Sunday, November 20, 2005

Sunday news

The war over the war in Iraq and when that war will be over

President George W. Bush tries to "tone down" the debate, according to Bloomberg News:

"People should feel comfortable about expressing their opinions about Iraq," Bush said today at a news conference in Beijing. "I heard somebody say, `well so-and-so is not patriotic because they disagree with my position.' I totally reject that thought."

Some in the blogosphere need to listen to the president on that one. I do not believe Bush would support Jean Schmidt's remarks either.

Richard Lugar called for calmer debate about the Iraq war. His website shows him meeting Angelina Jolie.

Check out these two on-the-record quotes about the governing of our country. From Jonathan Weisman and Charles Babington of the Washington Post:

"Iraq is now a cloud over everything," said Stuart Rothenberg, a nonpartisan political analyst specializing in Congress. "It's the 800-pound gorilla in the room."

"I feel like every morning, I wake up, get a concrete block and have to walk around with it all day," said first-term Sen. Jim DeMint (R-S.C.), who came to the Senate with an ambitious agenda to overhaul Social Security and the tax code. "We can't even address the issues."

Former Senator Bob Graham (D., Fla.) has an Op-Ed in the Wa-Po. This is HUGE and not getting much attention (if any) on the talkies. He writes "The president's attacks are outrageous" and concludes:

From my advantaged position, I had earlier concluded that a war with Iraq would be a distraction from the successful and expeditious completion of our aims in Afghanistan. Now I had come to question whether the White House was telling the truth -- or even had an interest in knowing the truth.

On Oct. 11, I voted no on the resolution to give the president authority to go to war against Iraq. I was able to apply caveat emptor. Most of my colleagues could not.

Bob Drogin and John Goetz have a very lengthy article on "Curveball" in the Los Angeles Times.

General William Odom wrote for Nieman Watchdog a debunking of nine arguments to stay in Iraq. That was published in August. He has a follow up from last week.

Ronald Brownstein in the Los Angeles Times details the many factions against the war in the Democratic party.

This headline, 'Mean Jean' Goes to Washington, and Invites a Firestorm, in the New York Times leads a story about Jean Schmidt. Several interesting points:

Several Republicans who were on the House floor said afterward that Ms. Schmidt did not appear to know she was referring to a much-decorated veteran.

"The poor lady didn't know Jack Murtha was a Marine - she really just ran into a hornet's nest," said Representative Jack Kingston of Georgia.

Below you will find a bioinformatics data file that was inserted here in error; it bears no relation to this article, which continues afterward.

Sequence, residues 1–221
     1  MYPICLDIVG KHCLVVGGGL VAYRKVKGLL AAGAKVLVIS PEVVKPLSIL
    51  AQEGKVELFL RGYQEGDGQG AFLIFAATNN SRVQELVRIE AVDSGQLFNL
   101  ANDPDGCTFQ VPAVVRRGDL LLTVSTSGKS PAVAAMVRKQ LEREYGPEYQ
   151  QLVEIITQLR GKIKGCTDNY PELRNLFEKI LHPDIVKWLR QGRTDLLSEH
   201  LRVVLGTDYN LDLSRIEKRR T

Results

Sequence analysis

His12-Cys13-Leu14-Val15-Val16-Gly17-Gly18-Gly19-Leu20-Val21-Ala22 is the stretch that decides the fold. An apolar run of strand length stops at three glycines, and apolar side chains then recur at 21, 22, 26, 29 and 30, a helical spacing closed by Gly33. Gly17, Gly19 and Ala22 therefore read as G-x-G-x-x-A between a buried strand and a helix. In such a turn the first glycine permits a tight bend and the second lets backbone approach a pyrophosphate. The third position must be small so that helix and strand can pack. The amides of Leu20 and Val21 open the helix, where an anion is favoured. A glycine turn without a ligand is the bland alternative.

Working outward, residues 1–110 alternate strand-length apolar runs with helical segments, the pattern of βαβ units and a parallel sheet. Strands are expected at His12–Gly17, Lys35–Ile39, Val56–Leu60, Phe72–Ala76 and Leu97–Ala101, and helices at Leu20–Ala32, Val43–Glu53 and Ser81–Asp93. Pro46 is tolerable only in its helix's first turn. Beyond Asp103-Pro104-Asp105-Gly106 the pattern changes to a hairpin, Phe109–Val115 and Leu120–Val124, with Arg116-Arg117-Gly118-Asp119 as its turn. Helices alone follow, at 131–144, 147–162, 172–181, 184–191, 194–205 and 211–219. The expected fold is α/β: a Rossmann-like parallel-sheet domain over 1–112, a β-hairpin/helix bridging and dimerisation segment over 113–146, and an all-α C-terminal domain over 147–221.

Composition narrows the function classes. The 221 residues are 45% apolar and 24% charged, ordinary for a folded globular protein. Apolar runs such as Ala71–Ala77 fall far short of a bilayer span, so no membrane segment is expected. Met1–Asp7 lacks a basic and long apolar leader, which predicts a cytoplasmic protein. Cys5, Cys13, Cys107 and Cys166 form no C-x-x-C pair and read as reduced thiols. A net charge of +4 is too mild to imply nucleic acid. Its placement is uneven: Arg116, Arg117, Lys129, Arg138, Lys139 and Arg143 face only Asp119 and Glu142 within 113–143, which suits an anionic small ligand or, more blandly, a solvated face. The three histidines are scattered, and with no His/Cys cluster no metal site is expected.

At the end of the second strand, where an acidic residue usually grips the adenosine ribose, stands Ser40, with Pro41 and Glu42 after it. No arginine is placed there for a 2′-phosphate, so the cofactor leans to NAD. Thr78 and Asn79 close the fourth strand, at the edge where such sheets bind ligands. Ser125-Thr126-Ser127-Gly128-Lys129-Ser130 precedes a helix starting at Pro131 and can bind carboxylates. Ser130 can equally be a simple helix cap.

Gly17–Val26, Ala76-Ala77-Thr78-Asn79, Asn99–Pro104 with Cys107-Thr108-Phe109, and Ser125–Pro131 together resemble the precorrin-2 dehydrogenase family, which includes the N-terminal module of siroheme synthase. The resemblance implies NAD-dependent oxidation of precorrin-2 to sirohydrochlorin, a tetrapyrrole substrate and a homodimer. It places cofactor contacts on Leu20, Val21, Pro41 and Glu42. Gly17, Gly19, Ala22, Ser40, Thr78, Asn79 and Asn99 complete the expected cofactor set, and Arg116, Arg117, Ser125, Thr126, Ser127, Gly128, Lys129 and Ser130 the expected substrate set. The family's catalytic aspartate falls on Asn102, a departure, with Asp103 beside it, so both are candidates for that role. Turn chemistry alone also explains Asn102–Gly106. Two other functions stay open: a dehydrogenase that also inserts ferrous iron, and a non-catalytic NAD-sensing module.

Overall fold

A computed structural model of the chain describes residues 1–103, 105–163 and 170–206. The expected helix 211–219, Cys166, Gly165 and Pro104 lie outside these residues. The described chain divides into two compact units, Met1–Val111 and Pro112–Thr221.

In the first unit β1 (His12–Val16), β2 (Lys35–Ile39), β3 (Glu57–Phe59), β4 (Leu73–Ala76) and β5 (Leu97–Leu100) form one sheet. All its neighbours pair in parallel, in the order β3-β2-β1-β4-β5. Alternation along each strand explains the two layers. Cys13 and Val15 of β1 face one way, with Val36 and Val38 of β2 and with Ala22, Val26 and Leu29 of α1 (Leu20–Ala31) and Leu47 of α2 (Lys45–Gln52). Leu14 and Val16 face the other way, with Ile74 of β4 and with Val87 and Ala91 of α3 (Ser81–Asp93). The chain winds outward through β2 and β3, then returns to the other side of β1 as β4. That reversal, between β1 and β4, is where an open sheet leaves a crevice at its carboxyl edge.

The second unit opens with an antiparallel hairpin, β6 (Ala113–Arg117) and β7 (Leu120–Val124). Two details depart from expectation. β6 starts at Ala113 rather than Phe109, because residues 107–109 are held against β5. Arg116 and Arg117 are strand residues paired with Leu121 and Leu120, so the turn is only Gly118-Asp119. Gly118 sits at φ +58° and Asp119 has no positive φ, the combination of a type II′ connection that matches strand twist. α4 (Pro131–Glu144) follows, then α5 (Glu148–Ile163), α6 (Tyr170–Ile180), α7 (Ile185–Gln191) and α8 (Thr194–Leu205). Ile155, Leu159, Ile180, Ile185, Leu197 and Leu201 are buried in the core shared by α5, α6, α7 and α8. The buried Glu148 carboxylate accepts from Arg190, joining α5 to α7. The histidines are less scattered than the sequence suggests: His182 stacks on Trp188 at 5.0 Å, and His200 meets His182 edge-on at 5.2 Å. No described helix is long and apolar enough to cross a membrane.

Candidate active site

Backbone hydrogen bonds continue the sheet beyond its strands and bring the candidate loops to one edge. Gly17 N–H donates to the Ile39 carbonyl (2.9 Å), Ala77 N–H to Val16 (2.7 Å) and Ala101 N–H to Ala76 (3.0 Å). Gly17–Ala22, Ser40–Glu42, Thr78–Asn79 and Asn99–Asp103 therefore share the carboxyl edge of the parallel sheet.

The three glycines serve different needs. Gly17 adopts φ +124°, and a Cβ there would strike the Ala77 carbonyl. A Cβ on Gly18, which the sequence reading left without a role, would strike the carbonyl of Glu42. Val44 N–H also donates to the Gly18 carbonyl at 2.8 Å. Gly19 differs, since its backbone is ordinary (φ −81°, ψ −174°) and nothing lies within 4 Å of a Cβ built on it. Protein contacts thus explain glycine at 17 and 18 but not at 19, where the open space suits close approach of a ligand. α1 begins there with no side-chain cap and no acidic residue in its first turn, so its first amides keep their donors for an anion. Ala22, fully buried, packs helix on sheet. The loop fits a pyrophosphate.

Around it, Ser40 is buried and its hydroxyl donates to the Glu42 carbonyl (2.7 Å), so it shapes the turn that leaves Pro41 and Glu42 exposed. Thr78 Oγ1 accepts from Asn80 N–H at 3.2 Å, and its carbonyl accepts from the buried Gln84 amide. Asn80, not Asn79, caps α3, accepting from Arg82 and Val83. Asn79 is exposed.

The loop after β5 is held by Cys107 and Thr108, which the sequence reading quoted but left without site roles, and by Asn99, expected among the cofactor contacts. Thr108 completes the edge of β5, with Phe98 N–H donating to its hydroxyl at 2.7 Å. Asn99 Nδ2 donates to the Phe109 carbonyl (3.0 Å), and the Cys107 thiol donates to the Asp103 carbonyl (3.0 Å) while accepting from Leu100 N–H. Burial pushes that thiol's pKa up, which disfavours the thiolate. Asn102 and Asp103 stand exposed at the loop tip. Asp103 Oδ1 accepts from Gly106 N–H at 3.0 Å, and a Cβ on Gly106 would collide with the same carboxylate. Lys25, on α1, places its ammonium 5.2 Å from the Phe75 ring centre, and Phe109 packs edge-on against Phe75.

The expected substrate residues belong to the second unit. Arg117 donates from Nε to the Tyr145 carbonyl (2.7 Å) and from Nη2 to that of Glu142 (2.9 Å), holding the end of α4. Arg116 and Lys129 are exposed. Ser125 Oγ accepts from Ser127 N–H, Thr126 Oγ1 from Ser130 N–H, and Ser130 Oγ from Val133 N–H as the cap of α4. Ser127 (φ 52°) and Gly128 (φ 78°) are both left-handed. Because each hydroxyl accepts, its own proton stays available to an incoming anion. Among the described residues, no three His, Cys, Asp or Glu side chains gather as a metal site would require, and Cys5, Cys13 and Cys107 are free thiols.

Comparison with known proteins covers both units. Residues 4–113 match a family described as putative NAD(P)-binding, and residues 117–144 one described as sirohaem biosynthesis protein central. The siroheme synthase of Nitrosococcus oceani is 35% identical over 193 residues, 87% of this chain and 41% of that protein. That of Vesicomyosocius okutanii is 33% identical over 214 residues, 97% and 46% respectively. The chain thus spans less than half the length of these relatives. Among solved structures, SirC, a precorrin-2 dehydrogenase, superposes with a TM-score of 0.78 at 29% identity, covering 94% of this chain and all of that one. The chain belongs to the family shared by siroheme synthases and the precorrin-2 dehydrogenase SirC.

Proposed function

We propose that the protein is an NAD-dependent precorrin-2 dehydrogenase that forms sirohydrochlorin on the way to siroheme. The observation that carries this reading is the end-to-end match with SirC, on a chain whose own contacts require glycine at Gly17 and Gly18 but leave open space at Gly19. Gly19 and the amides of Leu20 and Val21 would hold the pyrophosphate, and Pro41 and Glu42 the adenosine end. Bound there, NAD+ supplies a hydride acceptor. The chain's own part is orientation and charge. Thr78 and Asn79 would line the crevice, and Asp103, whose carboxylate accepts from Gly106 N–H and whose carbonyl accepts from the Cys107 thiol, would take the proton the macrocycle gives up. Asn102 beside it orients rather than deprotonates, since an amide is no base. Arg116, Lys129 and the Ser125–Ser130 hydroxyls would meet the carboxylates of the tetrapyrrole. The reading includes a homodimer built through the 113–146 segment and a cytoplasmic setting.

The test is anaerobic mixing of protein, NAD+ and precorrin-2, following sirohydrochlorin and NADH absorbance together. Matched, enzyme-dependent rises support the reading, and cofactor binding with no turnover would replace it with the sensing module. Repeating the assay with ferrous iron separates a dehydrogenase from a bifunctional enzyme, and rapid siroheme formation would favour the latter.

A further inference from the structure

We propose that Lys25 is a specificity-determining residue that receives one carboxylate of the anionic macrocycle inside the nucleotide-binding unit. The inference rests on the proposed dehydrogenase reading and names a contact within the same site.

Representative David Dreier of California said, "Very clearly, she did not know that Jack Murtha was a Marine."

That is Bull shit. Here is what Mean Jean said:

"asked me to send Congressman Murtha a message: that cowards cut and run, Marines never do."


The 100-proof speech on the House floor may shore up Ms. Schmidt's standing inside her party's right flank.

"I was listening to talk radio today, and people were calling in and praising her," said Chris Finney, a Cincinnati Republican allied with Ms. Schmidt's local rivals. "They like that jingoistic thinking."

I tried to find the House rule on directly insulting another member in the chamber, but I could not find it. Google has failed me.


Joe Stephens and David B. Ottaway have a long story on reconstruction in the Washington Post:

Internal documents and more than 100 interviews in Washington and Kabul revealed a chain of mistakes and misjudgments: The U.S. effort was poorly conceived in a rush to show results before the Afghan presidential election in late 2004. The drive to construct earthquake-resistant, American-quality buildings in rustic villages led to culture clashes, delays and what a USAID official called "extraordinary costs." Afghans complained that the initial design for roofs made them too heavy to build in rural areas without a crane, and the corrected design made them too light to bear Afghan snows. Local workmen unfamiliar with U.S. construction methods sometimes produced shoddy work.

New Orleans

The Times Picayune has a front page editorial:

But we need the federal government -- we need our Congress -- to fulfill the promises made to us in the past. We need to be safe. We need to be able to go about our business feeding and fueling the rest of the nation. We need better protection next hurricane season than we had this year. Going forward, we need protection from the fiercest storms, the Category 5 storms that are out there waiting to strike.

Some voices in Washington are arguing against us. We were foolish, they say. We settled in a place that is lower than the sea. We should have expected to drown.

As if choosing to live in one of the nation's great cities amounted to a death wish. As if living in San Francisco or Miami or Boston is any more logical.

Oversight under used in Congress

Susan Milligan in the Boston Globe notes that the GOP lead Congress does not like to oversee the GOP executive. What a two graf lede:

WASHINGTON -- Back in the mid-1990s, the Republican-controlled House of Representatives, aggressively delving into alleged misconduct by the Clinton administration, logged 140 hours of sworn testimony into whether former president Bill Clinton had used the White House Christmas card list to identify potential Democratic donors.

In the past two years, a House committee has managed to take only 12 hours of sworn testimony about the abuse of prisoners at Iraq's Abu Ghraib prison.

President Bush's important trip to a Beijing church in the Washington Post.


Anonymous walt clyde frazier said...

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7:38 AM  

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